The future might be bright for LED lights in Kings Point.
Village of Kings Point trustees discussed a plan to replace its 200 older streetlights with light emitting diode bulbs with a New York Power Authority representative on Thursday morning, in hopes of driving down energy and maintenance costs.
Currently the project is estimated to cost around $90,424, with $10,229 in annual debt service for 10 years, but also reap about $10,308 in savings each year.
Jesse Scott, a New York Power Authority representative, said the project could pay for itself in eight and a half years – while the new LED lights usually last more than 20 years.
“They’re rated for 100,000 hours, they’re on for about 4,000 hours a year, so that turns into a 25-year life cycle,” Scott said. “This is really a capital project you should have to do once.”
“The lights you have now last 10,000 hours, 15,000 hours; these last 100,000 hours,” Scott added.
The push in Kings Point is tied to Smart Street Lighting NY, an inter-agency initiative led by the New York Power Authority hoping to encourage LED streetlight technology in municipalities.
Gov. Andrew Cuomo, when announcing the program, said he wants 500,000 streetlights installed throughout the state by 2025. He also previously said he hopes to reduce carbon emissions 50 percent by 2030, based on 1990 levels.
Kings Point is following a number of nearby municipalities implementing or actively considering installing new light fixtures.
Thomaston approved LED street lights in 2015, for example, Great Neck Plaza aims to install them, and the Village of Great Neck has replaced all of its more than 800 incandescent streetlights with LED ones.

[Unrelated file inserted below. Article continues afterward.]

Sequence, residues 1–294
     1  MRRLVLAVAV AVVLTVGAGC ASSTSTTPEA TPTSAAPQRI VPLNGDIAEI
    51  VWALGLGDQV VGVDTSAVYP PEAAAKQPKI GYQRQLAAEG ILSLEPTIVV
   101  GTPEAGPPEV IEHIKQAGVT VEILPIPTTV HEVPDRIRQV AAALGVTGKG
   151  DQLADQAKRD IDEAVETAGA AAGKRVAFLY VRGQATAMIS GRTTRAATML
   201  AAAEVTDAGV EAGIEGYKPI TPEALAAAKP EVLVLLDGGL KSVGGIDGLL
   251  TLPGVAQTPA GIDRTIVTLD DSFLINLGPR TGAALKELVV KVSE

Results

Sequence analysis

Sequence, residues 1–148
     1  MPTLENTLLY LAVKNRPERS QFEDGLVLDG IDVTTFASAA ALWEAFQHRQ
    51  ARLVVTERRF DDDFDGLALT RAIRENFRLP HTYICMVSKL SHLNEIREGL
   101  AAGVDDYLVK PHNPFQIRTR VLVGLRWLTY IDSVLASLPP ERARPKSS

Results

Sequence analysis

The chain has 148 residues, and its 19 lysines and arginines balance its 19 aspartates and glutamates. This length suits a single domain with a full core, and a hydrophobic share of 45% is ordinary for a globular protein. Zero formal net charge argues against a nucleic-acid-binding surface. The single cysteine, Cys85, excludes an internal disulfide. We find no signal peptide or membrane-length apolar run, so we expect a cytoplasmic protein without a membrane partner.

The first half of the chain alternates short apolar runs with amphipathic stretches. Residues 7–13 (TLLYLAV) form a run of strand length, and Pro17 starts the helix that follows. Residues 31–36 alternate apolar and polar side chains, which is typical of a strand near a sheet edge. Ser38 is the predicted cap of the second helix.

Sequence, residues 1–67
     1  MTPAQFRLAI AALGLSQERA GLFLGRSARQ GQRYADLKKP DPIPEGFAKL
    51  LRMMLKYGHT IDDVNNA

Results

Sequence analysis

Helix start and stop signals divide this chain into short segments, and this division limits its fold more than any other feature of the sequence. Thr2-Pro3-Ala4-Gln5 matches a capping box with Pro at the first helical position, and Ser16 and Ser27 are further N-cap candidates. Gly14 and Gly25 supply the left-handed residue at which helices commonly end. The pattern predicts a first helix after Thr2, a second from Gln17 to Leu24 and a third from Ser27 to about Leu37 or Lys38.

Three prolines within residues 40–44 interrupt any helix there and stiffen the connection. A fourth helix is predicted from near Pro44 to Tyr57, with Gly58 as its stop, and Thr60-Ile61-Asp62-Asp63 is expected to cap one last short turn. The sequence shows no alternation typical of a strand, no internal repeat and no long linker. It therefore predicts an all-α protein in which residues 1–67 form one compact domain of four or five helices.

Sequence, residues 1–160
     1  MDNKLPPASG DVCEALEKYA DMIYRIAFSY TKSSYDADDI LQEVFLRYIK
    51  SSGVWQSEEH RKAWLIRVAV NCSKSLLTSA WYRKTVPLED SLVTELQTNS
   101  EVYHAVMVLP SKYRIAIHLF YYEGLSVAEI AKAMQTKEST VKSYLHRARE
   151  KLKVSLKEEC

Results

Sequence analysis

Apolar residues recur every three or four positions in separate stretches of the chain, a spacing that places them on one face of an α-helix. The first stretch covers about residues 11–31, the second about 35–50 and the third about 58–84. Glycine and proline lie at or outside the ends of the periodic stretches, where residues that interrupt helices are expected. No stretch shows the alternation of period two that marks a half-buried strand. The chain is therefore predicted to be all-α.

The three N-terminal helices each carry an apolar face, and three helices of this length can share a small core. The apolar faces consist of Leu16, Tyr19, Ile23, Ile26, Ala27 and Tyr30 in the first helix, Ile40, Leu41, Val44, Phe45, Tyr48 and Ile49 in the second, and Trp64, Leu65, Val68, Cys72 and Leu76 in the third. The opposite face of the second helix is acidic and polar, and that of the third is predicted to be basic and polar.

Other North Shore villages such as North Hills, East Williston, Roslyn Harbor have also invested time in trying to get LED lights.
But the discussion also follows a Nassau County Supreme Court judge rejecting a bid to dismiss a lawsuit against the village of Great Neck.
In that lawsuit, a resident claims a light fixture shining light into her home has made it “impossible to sleep, use, and enjoy the home she has lived in for the past 28 years.”
Scott, when asked about perceived health effects of the LED lights, said a study done by the American Medical Association last year had concerned people because of an impact on the circadian rhythm and general health.
But, he said, the study looked at prolonged and direct exposure rather than how they’d be implemented in Kings Point.
“When they’re designed properly, LED light is very directional, and it’s supposed to illuminate the roadway for safety, for pedestrians, for vehicles,” Scott said. “And that’s what we do during our design.”
“LED street lights were approved by the state [as] not hazardous,” Scott later added.
Scott also discussed the possibility of a smart system that would allow for the potential dimming of lights, installing manual dimming knobs, and a contingency portion of the project that could allow the village to do something like install a camera on a pole.
“We have a lot of flexibility with the scope and the design,” Scott said.
Stephen Limmer, the village attorney, said the village had been in discussions with a company about potentially upgrading the lights.
But Limmer said this could be “materially cheaper” and NYPA talked about more potential features with the installation.
The proposal will likely be discussed at a board meeting on Thursday, Sept. 6 at 8:15 p.m.